[smiles] And red dragonflies are rare anyway, even though we have a lot of them in the Upper Midwest or in other places, a red one—dragonflies in general are around, but red ones are unusual. 

0:20:32 Linda Morrison
Yes. And that was the one and only time I've ever seen a red one here. So. [Both smile]

0:20:38 William Moyers
Last question before we go: I was struck in your book by the juxtaposition between sorrow and grief, and gratitude and hope. And I can't help but wonder do you go back and forth all these years after Mike's death? Do you go back between sorrow and grief and gratitude and hope? Or are you more in the gratitude and hope side of this journey?

0:21:04 Linda Morrison
You know, it kinda goes in cycles. You know, around his birthday, death day, I feel the sadness. I feel the loss. I miss him. But, other times, I am hopeful, I am joyful. With that. Because again, like I said, Mike wouldn't want me to continue to grieve for him. But I feel like I have worked hard enough and long enough in this journey that I can have a good, happy life. And my oldest son has gone on to get married and have kids and I'm happy for them. And we just enjoy our family times with them and his other brother's married. So, life can move forward and it's a process, and I think it's something that you do have to work at. But, you know, there'll always be a heart-shaped hole where Mike would be. And, you know, we think about him at Christmas or all the holidays or birthdays, and we just honor his memory and share stories and, you know, that's how our family kinda heals. Is healed.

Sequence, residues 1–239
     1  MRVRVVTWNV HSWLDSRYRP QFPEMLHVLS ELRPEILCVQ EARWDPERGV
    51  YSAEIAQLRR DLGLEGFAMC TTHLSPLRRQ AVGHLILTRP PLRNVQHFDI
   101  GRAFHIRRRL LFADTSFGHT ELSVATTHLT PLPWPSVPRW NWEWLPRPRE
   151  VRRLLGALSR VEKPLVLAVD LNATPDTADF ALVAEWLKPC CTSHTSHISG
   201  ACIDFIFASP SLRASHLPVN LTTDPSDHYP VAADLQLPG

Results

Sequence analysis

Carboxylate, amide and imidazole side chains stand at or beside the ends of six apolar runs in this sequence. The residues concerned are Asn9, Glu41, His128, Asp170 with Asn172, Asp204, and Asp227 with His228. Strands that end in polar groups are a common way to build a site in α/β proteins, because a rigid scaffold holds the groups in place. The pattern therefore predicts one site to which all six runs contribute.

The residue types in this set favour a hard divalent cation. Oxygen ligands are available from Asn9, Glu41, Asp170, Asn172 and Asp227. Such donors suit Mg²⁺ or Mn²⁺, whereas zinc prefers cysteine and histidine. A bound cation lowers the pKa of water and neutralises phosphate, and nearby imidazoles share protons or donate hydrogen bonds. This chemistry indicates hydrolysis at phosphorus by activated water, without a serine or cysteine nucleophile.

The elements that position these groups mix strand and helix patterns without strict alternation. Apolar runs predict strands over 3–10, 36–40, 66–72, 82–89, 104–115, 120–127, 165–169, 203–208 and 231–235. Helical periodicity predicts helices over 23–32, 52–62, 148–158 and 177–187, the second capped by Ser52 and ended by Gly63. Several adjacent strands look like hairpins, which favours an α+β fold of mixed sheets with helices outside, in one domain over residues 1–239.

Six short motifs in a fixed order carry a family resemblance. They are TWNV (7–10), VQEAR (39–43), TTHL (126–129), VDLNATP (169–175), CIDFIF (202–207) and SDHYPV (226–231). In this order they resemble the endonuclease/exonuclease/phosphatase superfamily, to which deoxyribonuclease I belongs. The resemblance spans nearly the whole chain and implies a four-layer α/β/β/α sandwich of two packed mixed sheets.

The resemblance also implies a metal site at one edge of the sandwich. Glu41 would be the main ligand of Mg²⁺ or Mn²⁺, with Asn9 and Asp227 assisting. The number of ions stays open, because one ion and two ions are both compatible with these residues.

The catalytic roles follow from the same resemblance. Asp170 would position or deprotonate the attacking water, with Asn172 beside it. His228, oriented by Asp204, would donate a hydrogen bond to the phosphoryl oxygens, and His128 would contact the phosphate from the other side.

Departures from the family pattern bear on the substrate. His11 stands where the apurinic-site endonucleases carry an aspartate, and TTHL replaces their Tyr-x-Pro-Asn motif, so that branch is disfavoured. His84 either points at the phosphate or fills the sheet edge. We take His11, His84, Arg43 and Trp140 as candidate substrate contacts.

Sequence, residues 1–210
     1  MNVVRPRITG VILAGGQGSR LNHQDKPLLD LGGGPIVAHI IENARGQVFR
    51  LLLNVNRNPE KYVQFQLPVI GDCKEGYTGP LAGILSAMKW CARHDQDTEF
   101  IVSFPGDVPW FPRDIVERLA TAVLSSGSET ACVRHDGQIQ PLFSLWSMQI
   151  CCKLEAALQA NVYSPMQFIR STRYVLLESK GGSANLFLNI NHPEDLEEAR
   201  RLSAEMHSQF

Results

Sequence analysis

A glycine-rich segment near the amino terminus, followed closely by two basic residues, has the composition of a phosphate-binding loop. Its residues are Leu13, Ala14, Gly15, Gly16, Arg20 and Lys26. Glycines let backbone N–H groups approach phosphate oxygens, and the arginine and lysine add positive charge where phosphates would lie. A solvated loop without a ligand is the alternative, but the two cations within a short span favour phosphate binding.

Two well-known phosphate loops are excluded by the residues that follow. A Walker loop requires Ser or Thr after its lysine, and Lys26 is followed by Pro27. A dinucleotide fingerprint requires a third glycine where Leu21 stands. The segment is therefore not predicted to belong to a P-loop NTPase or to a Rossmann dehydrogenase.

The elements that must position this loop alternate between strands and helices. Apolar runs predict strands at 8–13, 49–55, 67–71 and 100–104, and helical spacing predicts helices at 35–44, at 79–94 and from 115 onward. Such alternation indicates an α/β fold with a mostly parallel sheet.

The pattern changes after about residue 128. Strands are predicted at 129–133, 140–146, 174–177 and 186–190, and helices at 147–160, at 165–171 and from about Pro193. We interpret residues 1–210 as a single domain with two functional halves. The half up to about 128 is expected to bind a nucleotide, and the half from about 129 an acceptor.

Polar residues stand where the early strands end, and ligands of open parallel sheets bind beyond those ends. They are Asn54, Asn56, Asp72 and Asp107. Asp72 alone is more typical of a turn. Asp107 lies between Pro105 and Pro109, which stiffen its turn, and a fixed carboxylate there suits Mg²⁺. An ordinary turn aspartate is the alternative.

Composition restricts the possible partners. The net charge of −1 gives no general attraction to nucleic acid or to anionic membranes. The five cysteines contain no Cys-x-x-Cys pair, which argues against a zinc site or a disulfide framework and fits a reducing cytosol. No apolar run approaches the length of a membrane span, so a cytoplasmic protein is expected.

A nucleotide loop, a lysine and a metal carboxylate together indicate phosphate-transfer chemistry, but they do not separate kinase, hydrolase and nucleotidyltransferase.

0:22:13 William Moyers
And we honor you today, Linda Morrison, for bringing your story of loss and grief and gratitude and hope to our viewers and our listeners. The book is called Dear Heroin: A Memoir of Goodbyes by Linda Morrison. We thank you for sharing yourself and your family's journey with us today, Linda.

0:22:36 Linda Morrison
Thank you for having me and it's a pleasure. And again, I love talking about Mike [smiles] and sharing our story. So thank you! I appreciate it a lot.

0:22:46 William Moyers
You're welcome. Thank you. [turns to camera] And thanks to all of you for tuning in as Linda so eloquently and obviously spoke about, the tragedy of addiction is a tragedy. But from adversity can come the opportunity to heal and to carry the message that she has so effectively done. We hope that you will find inspiration in today. And if you or a loved one is struggling, know that there is hope. There is opportunity out there. It starts with asking for it. Thanks for joining us today, we hope to see you again soon on this edition of Let's Talk.